NSO Group used a new invasive technology “to attack a small number of Apple users worldwide with dangerous malware and spyware,” according to Apple, which said that its complaint “provides new information on NSO Group’s FORCEDENTRY, an exploit for a now-patched vulnerability previously used to break into a victim’s Apple device and install the latest version of NSO Group’s spyware product, Pegasus. The exploit was originally identified by the Citizen Lab, a research group at the University of Toronto.”
Citing Apple’s complaint, The Verge explained how the attack worked: “Using the Apple IDs it created, NSO would send data to a target via iMessage (after determining that they were using an iPhone), which was maliciously crafted to turn off the iPhone’s logging. That would then let NSO secretly install the Pegasus spyware and control what was being collected on the phone.”
In its press release, Apple commended “groups like the Citizen Lab and Amnesty Tech for their groundbreaking work to identify cyber-surveillance abuses and help protect victims,” and added that “to further strengthen efforts like these, Apple will be contributing $10 million, as well as any damages from the lawsuit, to organizations pursuing cyber-surveillance research and advocacy.”
Apple’s lawsuit comes two years after Facebook became the first company to sue NSO Group, which it did in 2019 for targeting WhatsApp users. As The Verge noted Tuesday, “Apple and WhatsApp aren’t alone in their push against NSO Group in court, as last year, tech companies including Microsoft and Google filed a brief supporting Facebook’s lawsuit.”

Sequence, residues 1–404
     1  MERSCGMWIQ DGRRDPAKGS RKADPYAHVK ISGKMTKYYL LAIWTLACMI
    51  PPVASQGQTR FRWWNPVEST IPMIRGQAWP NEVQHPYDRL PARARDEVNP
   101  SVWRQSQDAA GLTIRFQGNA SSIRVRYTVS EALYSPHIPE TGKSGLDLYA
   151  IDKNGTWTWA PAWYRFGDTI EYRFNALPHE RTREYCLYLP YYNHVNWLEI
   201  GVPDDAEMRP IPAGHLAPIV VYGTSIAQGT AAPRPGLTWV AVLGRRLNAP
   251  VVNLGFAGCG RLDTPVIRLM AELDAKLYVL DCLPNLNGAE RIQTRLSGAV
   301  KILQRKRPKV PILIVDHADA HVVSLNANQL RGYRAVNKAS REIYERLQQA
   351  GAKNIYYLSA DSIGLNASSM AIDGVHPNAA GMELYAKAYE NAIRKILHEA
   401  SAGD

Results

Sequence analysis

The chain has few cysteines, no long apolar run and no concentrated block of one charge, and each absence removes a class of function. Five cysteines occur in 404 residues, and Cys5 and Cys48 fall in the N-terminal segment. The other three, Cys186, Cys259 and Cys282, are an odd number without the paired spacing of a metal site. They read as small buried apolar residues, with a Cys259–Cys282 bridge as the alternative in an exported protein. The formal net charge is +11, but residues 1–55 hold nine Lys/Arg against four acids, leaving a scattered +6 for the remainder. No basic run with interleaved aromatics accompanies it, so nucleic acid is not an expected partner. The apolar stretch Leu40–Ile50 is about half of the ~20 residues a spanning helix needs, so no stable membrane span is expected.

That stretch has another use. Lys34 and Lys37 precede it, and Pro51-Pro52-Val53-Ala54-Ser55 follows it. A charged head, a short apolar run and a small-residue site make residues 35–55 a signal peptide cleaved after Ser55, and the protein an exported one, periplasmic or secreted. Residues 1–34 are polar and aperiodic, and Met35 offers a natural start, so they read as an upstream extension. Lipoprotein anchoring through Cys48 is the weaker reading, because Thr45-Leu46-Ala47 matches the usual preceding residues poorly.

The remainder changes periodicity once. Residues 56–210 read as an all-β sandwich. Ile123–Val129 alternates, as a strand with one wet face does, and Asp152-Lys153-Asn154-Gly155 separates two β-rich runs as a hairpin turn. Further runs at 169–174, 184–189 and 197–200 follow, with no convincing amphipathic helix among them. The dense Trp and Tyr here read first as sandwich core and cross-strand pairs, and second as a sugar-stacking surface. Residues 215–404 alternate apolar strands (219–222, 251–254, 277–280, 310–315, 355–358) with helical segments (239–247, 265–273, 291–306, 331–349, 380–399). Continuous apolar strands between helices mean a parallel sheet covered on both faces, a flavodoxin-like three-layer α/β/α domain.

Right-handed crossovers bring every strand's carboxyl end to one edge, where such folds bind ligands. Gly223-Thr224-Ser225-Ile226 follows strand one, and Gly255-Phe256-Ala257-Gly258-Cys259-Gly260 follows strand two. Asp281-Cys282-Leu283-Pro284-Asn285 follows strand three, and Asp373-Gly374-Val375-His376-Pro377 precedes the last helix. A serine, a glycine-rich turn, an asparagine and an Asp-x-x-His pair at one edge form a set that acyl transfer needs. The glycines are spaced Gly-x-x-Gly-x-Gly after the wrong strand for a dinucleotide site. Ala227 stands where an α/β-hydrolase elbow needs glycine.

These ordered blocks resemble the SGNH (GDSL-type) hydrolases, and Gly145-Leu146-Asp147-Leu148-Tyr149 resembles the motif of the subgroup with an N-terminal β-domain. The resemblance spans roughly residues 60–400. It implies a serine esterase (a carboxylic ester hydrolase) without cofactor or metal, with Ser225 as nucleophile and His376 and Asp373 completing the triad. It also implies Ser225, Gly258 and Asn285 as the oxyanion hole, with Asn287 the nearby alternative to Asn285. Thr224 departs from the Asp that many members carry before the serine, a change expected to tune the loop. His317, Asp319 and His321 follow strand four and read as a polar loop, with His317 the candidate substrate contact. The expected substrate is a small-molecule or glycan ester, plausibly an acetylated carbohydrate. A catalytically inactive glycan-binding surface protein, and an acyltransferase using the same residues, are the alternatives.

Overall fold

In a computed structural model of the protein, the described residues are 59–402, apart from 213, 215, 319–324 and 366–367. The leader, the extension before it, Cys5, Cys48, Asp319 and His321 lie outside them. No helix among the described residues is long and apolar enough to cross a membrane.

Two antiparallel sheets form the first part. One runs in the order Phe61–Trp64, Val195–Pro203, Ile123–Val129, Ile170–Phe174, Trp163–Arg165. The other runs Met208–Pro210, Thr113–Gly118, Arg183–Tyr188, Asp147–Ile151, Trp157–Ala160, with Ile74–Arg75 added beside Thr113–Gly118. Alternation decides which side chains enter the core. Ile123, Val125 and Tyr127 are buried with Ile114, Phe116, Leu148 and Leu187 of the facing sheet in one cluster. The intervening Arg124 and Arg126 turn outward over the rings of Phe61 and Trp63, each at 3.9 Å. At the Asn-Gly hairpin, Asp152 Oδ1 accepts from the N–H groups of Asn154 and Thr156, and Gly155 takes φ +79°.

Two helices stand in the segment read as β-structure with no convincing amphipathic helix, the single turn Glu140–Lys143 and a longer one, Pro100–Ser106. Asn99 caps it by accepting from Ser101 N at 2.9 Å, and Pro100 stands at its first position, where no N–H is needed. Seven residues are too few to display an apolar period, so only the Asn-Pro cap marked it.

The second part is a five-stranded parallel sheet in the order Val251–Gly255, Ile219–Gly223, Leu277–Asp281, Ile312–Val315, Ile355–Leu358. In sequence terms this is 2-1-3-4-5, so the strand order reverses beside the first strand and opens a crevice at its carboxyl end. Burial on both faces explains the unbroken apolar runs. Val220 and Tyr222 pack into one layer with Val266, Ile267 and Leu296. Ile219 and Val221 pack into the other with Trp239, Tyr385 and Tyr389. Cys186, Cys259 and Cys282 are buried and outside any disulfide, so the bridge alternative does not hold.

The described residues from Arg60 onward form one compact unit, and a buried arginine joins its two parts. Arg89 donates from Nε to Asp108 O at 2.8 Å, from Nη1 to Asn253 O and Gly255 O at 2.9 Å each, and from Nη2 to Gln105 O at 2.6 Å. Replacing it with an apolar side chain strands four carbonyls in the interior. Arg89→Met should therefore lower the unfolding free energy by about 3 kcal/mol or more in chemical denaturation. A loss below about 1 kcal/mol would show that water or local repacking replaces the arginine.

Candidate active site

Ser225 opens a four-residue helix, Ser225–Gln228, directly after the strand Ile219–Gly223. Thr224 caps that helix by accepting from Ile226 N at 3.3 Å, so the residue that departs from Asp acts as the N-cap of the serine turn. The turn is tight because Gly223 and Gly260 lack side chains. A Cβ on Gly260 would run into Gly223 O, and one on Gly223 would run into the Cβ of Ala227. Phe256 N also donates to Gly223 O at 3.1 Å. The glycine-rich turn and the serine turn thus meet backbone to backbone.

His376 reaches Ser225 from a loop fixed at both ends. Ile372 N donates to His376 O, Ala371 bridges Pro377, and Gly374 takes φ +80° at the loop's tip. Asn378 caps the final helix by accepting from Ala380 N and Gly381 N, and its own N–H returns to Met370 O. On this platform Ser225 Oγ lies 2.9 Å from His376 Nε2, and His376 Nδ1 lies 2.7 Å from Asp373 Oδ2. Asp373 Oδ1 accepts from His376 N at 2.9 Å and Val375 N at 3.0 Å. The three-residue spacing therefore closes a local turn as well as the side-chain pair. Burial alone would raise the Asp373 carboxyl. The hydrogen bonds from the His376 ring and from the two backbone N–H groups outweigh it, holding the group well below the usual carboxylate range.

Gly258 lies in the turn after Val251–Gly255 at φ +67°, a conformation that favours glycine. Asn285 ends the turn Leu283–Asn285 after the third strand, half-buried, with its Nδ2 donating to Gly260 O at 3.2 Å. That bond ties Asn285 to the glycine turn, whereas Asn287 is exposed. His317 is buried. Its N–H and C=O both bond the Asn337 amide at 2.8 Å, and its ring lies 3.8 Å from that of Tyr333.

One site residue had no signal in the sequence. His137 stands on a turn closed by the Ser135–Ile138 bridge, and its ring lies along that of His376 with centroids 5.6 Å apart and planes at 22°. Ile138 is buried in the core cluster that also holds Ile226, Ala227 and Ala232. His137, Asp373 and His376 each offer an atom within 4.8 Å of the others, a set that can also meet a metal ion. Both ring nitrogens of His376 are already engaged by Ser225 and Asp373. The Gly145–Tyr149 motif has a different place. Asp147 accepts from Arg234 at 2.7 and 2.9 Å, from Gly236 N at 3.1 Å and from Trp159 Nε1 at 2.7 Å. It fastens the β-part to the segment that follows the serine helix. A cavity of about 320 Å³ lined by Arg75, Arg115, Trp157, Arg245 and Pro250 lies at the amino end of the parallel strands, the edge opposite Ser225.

The New York Times, which first reported Apple’s lawsuit, said that the new complaint “represents another consequential move by a private company to curb invasive spyware by governments and the companies that provide their spy tools.”
“Apple executives described the lawsuit as a warning shot to NSO and other spyware makers,” the Times noted. Ivan Krstic, head of Apple security engineering and architecture, told the newspaper that “this is Apple saying: If you do this, if you weaponize our software against innocent users, researchers, dissidents, activists or journalists, Apple will give you no quarter.”
Alluding to Pegasus’ zero-click infection scheme—which NSO carried out after creating over 100 fake Apple IDs—Heather Grenier, Apple’s senior director of commercial litigation, told the Times that “this was in flagrant violation of our terms of service and our customers’ privacy.”